Thursday, March 24, 2011

Guisang Repolyo (Sauteed Cabbage)

Guisang Repolyo is one of my favorite dish in my childhood. It is amazing how Nostalgia plays a big role in food. It is a proven fact that people loves to eat what they used to eat when they were younger because of the attachment that they have with the food and how it reminds them about their childhood.  This dish is very easy and cheap to make so anyone can do it.Let's go ahead and get started, because I am getting hungry!
GUISANG REPOLYO  (sauteed cabbage)

1/2 Green Cabbage Sliced
1/2 medium onions, sliced
1 T sliced Garlic
1 5.5 oz can sardines in tomato sauce  ( can be found at any local asian store)
olive oil
salt and pepper to taste

1. Saute the garlic and onions with a little bit of olive oil.

2. Once the onions are tender, add the Sardines in tomato sauce. Crush the sardines with your Cooking Spoon and cook for 5 mins.

3. Take the empty can and fill it up with water, then add it to the wok. Let it simmer for a minute.

4. Add the cabbage and cover. Let it cook until the cabbage is tender.
5. Then Serve. Mangan Tana!

If you are in San Angelo TX area, there is a nice Asian Store owned by a good friend of mine. Check out their facebook page!/mamanidas

If you're in Clovis NM  check this store

Tuesday, March 1, 2011

Singkamas at Guisang Baguk

Singkamas is known as Jicama in a lot of countries. The heaviest jícama root ever recorded was found in the Philippines which weighed up to 23 Kilograms. It is high in carbohydrates in the form of dietary fiber. It has a similarity of texture with the potato and apple put together. It is sweet and juicy, great for snacking!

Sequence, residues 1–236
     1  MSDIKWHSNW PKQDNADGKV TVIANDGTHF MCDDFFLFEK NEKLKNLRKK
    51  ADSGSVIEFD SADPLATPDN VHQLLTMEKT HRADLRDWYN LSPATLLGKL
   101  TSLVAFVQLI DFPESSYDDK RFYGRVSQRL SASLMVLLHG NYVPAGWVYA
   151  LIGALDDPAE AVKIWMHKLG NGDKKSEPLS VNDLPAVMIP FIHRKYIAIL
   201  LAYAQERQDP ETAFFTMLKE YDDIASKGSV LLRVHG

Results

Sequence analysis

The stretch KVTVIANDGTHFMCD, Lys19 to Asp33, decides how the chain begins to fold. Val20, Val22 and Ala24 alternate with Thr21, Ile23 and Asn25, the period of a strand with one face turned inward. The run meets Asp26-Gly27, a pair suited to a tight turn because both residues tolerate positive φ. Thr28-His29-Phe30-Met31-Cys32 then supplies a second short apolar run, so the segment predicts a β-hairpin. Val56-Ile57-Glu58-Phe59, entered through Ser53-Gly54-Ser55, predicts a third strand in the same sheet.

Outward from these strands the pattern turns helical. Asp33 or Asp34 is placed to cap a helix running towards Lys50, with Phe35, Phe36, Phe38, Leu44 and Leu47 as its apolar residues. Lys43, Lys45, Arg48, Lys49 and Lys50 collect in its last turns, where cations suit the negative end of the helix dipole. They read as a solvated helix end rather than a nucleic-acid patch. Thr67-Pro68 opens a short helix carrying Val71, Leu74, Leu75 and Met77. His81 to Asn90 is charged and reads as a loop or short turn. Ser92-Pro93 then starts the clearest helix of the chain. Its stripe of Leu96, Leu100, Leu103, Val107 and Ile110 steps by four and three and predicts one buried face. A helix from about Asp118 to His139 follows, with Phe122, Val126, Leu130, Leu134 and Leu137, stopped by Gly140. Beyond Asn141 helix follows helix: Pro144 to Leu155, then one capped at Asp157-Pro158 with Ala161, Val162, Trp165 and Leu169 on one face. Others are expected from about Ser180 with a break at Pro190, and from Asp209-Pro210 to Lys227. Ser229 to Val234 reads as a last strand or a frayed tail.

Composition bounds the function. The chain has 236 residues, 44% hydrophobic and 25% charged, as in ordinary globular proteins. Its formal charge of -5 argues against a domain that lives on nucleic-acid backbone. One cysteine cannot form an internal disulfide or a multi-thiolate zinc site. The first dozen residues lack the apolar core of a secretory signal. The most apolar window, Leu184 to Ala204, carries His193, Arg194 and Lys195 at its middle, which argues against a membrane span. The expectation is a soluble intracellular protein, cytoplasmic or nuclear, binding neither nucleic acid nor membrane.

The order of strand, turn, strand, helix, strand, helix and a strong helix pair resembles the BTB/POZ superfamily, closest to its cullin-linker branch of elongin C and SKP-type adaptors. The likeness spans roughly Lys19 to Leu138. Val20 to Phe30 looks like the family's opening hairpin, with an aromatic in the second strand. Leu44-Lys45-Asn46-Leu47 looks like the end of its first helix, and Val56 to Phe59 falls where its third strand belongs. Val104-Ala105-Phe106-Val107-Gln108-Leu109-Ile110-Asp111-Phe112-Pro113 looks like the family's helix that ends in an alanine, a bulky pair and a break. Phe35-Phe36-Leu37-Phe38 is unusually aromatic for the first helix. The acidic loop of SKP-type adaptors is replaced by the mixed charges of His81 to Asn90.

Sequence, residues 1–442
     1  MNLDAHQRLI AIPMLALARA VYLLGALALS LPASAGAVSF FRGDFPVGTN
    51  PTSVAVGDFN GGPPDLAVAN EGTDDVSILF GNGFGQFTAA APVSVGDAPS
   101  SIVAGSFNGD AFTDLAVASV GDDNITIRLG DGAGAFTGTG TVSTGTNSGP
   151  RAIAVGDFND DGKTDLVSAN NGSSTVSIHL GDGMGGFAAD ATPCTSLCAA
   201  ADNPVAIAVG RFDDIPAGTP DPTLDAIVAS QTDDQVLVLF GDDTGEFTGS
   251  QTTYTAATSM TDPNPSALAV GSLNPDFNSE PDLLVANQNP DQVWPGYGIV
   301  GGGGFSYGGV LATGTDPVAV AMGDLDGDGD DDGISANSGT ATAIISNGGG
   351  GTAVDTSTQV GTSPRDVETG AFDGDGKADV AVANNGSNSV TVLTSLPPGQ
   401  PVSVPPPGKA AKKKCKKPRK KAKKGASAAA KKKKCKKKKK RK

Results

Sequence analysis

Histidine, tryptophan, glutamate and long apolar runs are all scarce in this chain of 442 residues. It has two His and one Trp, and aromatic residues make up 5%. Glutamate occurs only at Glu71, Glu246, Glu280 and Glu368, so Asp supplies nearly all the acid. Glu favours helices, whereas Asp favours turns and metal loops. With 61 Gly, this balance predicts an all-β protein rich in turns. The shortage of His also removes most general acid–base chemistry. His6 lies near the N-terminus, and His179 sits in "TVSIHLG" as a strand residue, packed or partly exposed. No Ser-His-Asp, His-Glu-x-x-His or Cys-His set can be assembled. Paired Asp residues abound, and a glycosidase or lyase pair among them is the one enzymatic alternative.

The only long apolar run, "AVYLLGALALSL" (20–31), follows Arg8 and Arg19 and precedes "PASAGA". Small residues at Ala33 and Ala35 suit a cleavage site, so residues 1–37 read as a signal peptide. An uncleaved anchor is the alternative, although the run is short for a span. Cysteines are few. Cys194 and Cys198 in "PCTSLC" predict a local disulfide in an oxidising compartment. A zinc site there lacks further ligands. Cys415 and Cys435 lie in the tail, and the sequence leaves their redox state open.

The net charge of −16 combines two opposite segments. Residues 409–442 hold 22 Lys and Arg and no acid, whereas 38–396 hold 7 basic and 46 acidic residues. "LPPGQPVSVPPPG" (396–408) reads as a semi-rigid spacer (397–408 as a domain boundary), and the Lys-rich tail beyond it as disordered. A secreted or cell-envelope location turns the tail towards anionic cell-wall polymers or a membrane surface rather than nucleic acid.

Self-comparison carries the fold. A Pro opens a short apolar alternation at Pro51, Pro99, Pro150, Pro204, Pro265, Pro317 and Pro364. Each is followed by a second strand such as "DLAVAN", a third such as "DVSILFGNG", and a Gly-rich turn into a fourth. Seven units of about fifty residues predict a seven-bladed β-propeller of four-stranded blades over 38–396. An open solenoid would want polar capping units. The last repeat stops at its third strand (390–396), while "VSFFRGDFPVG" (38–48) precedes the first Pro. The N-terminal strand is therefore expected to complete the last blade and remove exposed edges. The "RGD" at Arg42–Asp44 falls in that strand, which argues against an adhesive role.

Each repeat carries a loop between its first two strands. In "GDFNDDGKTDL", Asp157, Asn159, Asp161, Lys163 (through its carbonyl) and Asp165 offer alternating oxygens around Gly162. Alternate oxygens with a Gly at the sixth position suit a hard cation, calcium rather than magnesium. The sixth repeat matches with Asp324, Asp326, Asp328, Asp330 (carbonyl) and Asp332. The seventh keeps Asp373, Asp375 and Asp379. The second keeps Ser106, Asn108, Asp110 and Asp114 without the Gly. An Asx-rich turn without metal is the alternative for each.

A lot of people put it in their salads but we like to eat it as it is or dipped in BAGUK. Baguk is a kapampangan term for shrimp paste. And it is a very well known dip or side dish in Philippines. It is used in a lot of different dishes also like Pinakbet (sauteed vegetables with shrimp paste).

So today we're basically going to make the BAGUK ( Bagoong in tagalog).

We're going to need the following;

1/4 Lb shrimp paste
1/2 C minced onion
2 Tbsp minced garlic
2 Tbsp vinegar
2 Tbsp ketchup
1 Tbsp sugar
vegetable oil
Thai chili peppers for a kick   ;-)

1. Saute onions and garlic.
2. Add the shrimp paste and cook for 5 minutes.
3. Add the rest of the ingredients and simmer down until it's a little dry.
4. Then Serve! Mangan tana!

Sunday, February 27, 2011

Lagang Baka ( Beef Stew)

I remember when I was a kid, Lagang Baka/Babi (Beef/Pork Stew)  is a staple in our menu. Especially during rainy days. Laga or Nilaga means boiled, and Baka means Beef / Babi means pork. Hence, Lagang Baka/babi.
It is very easy to prepare and involves ONE basic process, Boiling. Low heat and slow cooking is the key to great Laga. It will be a great success if the broth is seasoned well, the meat is Fork tender, and if there's a good variety of vegetables.


2 lbs cubed beef
1 potato, cubed
1 bok choy or pechay
1 large onion, chopped
2 medium sized carrots, chopped crosswise
1 tbsp whole pepper corn
3 tbsp fish sauce (patis)

1. Saute the onions until the texture becomes soft
2. brown the cubed beef, cook about 5 mins
3. Add the whole pepper corns as well as the fish sauce.
4. Add the water. (Approximately 1 liter) then let it simmer for 1 to 2 hours. (45 mins using pressure cooker)

5. Add in the potato and carrots and let it cook for 10 mins.
6. Then add the bok choy, cover the pot and turn of the heat. Let it sit for about 5 mins then serve.
7. Mangan Tana!